44. Design Qualification (DQ) • Provides documented evidence that the design/ quotation acceptance satisfies the approved User Requirement Specification (URS). • Documenting that we are getting what we asked for in our design i.e. Miele Dish Washer capable of washing at temps from 25 to 80 Deg C, with air drying on a range of dirty soils with detergent capability

  45. Installation Qualification (IQ) • Provides documented verification that all key aspects of the installation adhere to design specification, regulatory and statutory codes and manufacturers recommendations. • Think of a dish washer at home. Checking vendor is installing it correctly as per the recommendations…Consider does this always go well?!!

  46. Operational Qualification (OQ) • Provides documented verification that the system and sub-systems perform as intended throughout all anticipated operating ranges. • Think of dish washer again - Proving that it is capable of running all of its cycles with process water in your house and a range of detergents …drainability, spray coverage etc

  47. Performance Qualification (PQ) • Provides documented evidence that a GMP utility service or process when operated or carried out within defined parameters will consistently meet pre-determined acceptance criteria. PQ will be performed on those systems or processes that require performance data for verifying proper operation. • Proving that with Production materials, i.e. dirty plates, that it will consistently clean to its pre defined criteria i.e. clean and dry within an allocated time

  48. Performance Qualification (PQ) • Challenge testing of performance under load conditions • Challenge and establish performance ranges • High & Low/ Min & Max • Challenge and establish conditions of operation • Typical environmental conditions • Typical working volumes • Typical run durations • Sampling test plan • Integration of automated control systems and individual units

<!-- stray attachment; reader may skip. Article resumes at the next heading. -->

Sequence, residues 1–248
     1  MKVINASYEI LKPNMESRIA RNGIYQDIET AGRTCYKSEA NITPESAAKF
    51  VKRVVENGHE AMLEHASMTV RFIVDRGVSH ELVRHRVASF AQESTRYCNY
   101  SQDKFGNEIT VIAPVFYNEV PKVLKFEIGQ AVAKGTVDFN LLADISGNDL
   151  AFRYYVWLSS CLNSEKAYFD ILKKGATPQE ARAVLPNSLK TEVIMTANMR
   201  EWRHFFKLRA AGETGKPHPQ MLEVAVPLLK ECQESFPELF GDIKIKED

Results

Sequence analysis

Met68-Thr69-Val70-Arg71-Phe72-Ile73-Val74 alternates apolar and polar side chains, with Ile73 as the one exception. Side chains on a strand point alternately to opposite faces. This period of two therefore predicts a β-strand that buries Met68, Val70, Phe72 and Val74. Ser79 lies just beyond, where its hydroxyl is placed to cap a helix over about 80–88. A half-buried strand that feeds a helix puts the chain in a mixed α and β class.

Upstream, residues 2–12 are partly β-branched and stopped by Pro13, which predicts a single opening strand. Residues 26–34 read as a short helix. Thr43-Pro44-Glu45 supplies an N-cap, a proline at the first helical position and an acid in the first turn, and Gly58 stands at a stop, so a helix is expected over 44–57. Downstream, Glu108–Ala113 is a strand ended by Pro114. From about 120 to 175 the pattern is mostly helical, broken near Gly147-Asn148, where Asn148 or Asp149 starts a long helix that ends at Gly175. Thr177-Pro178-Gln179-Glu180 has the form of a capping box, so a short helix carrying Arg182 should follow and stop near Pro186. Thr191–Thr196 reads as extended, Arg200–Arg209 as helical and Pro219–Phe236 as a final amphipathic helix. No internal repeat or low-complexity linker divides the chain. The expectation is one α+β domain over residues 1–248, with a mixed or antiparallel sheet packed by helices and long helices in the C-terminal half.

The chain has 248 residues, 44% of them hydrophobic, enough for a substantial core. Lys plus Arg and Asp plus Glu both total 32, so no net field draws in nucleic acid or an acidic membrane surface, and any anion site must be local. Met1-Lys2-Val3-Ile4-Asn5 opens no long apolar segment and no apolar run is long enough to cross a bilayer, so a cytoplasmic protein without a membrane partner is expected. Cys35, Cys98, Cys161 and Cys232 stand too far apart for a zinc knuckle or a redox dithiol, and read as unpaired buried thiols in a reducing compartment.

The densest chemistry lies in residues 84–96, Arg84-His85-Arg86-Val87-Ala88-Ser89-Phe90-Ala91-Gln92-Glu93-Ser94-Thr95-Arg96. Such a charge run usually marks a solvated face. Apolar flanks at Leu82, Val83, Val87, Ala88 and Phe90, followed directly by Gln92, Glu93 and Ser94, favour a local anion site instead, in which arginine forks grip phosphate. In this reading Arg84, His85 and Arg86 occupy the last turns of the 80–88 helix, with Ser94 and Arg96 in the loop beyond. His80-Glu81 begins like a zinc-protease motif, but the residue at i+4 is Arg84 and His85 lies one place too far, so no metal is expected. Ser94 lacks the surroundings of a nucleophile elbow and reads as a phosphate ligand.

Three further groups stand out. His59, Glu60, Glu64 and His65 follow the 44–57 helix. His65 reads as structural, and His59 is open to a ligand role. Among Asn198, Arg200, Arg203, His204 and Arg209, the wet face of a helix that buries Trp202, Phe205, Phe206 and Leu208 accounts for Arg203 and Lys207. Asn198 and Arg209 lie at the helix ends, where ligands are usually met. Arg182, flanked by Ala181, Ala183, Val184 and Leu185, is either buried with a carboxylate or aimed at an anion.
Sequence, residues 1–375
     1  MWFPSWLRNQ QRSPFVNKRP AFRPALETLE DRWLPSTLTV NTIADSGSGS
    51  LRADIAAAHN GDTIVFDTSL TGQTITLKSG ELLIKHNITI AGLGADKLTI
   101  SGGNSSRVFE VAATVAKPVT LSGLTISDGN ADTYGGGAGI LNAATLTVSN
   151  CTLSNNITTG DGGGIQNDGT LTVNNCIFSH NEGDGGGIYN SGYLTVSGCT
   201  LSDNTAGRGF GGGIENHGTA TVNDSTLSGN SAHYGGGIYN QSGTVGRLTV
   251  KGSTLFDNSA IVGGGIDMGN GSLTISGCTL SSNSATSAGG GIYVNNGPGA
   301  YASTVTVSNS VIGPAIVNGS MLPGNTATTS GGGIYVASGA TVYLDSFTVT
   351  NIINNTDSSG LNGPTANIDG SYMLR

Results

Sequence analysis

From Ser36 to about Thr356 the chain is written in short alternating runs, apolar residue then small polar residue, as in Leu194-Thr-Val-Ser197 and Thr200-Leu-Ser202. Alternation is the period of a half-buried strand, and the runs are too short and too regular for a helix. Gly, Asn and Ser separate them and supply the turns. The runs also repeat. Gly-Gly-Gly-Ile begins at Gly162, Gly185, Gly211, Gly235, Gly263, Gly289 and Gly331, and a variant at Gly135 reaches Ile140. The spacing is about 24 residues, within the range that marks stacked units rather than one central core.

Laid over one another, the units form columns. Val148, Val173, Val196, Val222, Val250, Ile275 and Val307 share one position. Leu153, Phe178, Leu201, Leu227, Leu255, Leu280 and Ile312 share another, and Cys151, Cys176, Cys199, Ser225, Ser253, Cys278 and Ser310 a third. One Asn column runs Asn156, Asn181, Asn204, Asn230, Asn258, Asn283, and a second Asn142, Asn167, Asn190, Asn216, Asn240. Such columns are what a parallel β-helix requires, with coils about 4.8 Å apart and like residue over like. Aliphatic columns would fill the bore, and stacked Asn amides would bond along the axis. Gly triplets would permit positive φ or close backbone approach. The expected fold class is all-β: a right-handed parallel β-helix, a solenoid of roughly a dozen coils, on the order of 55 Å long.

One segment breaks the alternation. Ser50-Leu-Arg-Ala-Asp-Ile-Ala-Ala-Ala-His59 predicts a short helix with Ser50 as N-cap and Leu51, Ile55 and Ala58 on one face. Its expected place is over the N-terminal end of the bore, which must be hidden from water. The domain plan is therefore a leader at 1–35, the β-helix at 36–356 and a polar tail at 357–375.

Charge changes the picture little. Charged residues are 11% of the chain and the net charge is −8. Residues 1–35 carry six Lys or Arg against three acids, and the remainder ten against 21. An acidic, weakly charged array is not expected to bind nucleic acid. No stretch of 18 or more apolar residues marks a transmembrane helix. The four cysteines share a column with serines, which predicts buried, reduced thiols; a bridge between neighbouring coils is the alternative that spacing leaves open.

49. Media Simulation • Important step of aseptic processing • Demonstrates that the process, equipment, people and utilities when operating together are capable of reliably producing sterile product. • Bacteria friendly food (Media) is processed through all of the equipment as a challenge. A simulation is likely to include the following steps • Media compounding • Sterilisation of the media by filtration • Filling

  50. Cleaning Validation (CV) • Program designed to ensure that equipment can be cleaned to a pre-defined cleaning acceptance criteria to ensure that any carryover of product does not affect the strength, purity, identity, quality or safety of the subsequent product • Limits for cleaning based on toxiciology of product in body, and consider the risk of transferring small amounts of 1 product into another.